On appearing faraway

What has the reins to imagination; what turns every bend of the road into a stage for coincidence and conjures a phantom for the passion’s pleasing; what grants no rest to the obliging mind and keeps it ready for all contingencies; what robs all other conversations of concern and all other endeavors of effort; what persuades the man to travel the much longer but little luckier path; what finds its place in the quiet train rides, in the pointing out of a mighty bell’s ring, in the traversing of parks where children hang daringly from colored poles and where dogs sit obediently by their owners’ sides; what, in the night, refuses sleep and in sleep conquers the lands of dreams; what sometimes springs up in a hopeful prance and in other times, return to a humdrum idle; what can tickle like a playful feather or torment like a crushing weight; what is like an oasis that quivers in the desert heat, first glistening in kindness then fading behind a flurry of sand –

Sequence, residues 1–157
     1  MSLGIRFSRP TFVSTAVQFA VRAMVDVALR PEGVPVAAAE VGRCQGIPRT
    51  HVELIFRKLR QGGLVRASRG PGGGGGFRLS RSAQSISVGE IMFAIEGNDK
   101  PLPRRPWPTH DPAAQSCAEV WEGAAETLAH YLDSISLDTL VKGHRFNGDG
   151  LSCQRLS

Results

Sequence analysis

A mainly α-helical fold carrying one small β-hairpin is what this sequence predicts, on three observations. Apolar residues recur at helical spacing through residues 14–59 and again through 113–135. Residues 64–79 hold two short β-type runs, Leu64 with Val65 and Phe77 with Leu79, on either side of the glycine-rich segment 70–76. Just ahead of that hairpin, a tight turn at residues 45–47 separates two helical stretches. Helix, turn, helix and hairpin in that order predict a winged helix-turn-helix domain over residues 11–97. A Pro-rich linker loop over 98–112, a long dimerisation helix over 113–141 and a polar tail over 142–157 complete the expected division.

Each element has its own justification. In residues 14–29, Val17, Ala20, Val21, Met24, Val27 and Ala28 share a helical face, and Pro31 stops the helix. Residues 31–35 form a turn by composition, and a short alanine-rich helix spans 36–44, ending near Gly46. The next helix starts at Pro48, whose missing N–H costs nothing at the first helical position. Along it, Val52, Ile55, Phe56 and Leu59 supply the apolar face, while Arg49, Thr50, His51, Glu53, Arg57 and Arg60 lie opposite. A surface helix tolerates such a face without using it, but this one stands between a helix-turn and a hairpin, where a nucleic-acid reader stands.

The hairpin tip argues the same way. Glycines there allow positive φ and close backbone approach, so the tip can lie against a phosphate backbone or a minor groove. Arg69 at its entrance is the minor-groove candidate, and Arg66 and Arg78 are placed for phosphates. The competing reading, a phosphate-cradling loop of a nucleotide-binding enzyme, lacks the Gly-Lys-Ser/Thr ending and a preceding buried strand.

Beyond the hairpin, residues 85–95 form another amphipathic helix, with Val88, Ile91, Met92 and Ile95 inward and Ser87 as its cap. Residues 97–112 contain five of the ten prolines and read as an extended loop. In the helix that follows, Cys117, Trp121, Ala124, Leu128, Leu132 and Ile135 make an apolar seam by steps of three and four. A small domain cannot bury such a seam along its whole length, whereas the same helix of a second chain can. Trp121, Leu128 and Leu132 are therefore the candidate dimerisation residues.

– what a man keeps concealed in his breast pocket like a piece of treasured embroidery; what he wishes to tell the world in a delighted voice, yet is kept from doing so for fear of the response; what he hides deep in enigma is what makes him appear always faraway.